Two ‘hitmen’ suspected of helping to assassinate Haiti’s president both worked for a Miami-based security firm that paid staff $2,700-a-month to ‘provide protection for powerful individuals’ on the island, it was claimed Saturday.
Haiti National Police believe 28 people were involved in Wednesday’s raid that killed President Jovenel Moïse, 53, with 17 arrested, three dead and eight still at large.
The sister of one of the dead suspects, Duberney Capador, 40, said her brother, who retired from the Colombian army in 2019 with the rank of sergeant, was hired by a private security firm with the understanding he would be providing protection for powerful individuals in Haiti.
She said she knew nothing about his employer, but shared a photo of her brother emblazoned in the logo of CTU Security – a company based in Doral, a Miami suburb popular with Colombian migrants.
Two suspects accused of helping to assassinate Haiti’s president worked for a Miami firm called CTU Security. Pictured is its president, Tony Intriago. He has not been linked to the plot
CTU´s website lists two addresses, one of which is a gray-colored warehouse that was shuttered Friday with no sign indicating who it belonged to
The other is a small suite under a different company´s name in a modern office building a few blocks away
The wife of Francisco Uribe, who was among those arrested, told Colombia’s W Radio that CTU offered to pay the men about $2,700 a month – a paltry sum for a dangerous international mission but far more than what most of the men, noncommissioned officers and professional soldiers, earned from their pensions.
CTU Security was registered in 2008 and lists as its president Antonio Intriago, who is also affiliated with several other Florida-registered entities, some of them since dissolved, including the Counter Terrorist Unit Federal Academy, the Venezuelan American National Council and Doral Food Corp.
CTU´s website lists two addresses, one of which is a gray-colored warehouse that was shuttered Friday with no sign indicating who it belonged to.
The other is a small suite under a different company´s name in a modern office building a few blocks away.
A receptionist at the office said Intriago stops by every few days to collect mail and hold meetings. Intriago, who is Venezuelan, did not return phone calls and an email seeking comment. He has not been linked to last week’s events in Haiti.
Duberney Capador’s sister Yenny said she last spoke to her brother late Wednesday – hours after Moïse´s murder – when the men, holed up in a home and surrounded, were desperately trying to negotiate their way out of a shootout.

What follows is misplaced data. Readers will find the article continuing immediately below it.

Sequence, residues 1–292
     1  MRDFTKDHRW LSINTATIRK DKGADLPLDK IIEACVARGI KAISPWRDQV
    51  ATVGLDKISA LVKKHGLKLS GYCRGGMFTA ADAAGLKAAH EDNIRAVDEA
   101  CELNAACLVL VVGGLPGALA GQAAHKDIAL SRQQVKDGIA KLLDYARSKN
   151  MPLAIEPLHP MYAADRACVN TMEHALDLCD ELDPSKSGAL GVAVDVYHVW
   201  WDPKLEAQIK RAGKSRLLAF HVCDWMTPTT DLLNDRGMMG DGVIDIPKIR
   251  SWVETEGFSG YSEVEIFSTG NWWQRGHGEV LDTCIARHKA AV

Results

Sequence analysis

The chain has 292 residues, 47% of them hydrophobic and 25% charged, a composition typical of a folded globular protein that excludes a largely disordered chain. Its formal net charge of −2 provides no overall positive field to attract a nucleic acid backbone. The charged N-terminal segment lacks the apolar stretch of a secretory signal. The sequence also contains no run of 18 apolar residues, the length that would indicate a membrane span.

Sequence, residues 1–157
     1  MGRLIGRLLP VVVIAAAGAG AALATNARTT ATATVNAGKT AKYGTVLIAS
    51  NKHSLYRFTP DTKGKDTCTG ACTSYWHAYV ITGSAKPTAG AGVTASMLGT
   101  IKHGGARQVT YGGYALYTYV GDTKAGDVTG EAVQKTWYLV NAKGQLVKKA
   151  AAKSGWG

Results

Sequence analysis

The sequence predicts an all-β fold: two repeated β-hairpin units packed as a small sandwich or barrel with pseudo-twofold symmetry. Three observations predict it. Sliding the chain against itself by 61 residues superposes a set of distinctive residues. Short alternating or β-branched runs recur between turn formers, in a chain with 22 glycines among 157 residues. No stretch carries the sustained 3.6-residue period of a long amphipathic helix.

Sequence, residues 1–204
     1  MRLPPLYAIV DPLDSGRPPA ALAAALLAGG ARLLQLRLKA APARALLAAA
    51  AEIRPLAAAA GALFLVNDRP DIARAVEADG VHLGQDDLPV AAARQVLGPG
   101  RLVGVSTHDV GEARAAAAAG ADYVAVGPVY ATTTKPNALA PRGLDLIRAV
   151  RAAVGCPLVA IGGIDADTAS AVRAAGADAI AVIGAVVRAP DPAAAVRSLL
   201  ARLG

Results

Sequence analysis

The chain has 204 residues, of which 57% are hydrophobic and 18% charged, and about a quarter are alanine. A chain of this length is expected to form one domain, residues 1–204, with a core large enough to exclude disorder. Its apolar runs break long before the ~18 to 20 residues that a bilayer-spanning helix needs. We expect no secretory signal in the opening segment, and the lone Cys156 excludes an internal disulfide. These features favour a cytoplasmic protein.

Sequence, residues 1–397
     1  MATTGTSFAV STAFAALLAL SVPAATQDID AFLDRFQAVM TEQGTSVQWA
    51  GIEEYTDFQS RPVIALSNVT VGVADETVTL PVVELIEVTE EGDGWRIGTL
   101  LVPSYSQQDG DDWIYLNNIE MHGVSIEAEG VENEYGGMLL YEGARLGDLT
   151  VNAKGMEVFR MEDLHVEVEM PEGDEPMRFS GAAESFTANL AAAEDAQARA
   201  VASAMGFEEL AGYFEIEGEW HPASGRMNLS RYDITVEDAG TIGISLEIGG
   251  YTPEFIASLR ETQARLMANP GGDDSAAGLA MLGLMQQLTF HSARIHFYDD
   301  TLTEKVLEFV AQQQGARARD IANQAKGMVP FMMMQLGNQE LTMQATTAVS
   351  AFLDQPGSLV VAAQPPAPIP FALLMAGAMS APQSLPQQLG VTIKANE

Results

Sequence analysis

American-Haitian James Solages, 35, (left) worked as a driver and bodyguard for a relief organization set up by Sean Penn (right, in Haiti) following the magnitude 7.0 quake that killed 300,000 Haitians and left tens of thousands homeless
Solages (left) and Joseph Vincent (right) are seen at a Thursday press conference where Haitian authorities paraded the detained suspects. The two US citizens allegedly claimed they were hired as translators in a plot to arrest the Haitian president but not to kill him
‘He told me not to tell our mother, so she wouldn´t worry,’ she said, fighting back tears.
‘We are the ones who are most interested in clarifying what happened, so that my brother´s reputation does not remain like it is,’ said Capador. ‘He was a humble, hard-working man. He had honors and decorations.’
It´s not known who masterminded the attack. And numerous questions remain about how the perpetrators were able to penetrate the president´s residence posing as U.S. Drug Enforcement Administration agents, meeting little resistance from those charged with protecting the president.
Uribe is under investigation in the alleged murder of an unarmed civilian in 2008 who was presented as someone killed in combat, one of thousands of extrajudicial killings that rocked Colombia´s U.S.-trained army more than a decade ago.
Besides the Colombians, among those detained by police were two Haitian Americans, one of whom worked with Sean Penn after the star set up a charity to help rebuild the island after its devastating 2020 earthquake.
James Solages, 35, worked as a driver and bodyguard for the relief organization set up to respond to the aftermath of the magnitude 7.0 quake that killed 300,000 Haitians and left tens of thousands homeless.
It is not known if they ever worked directly together.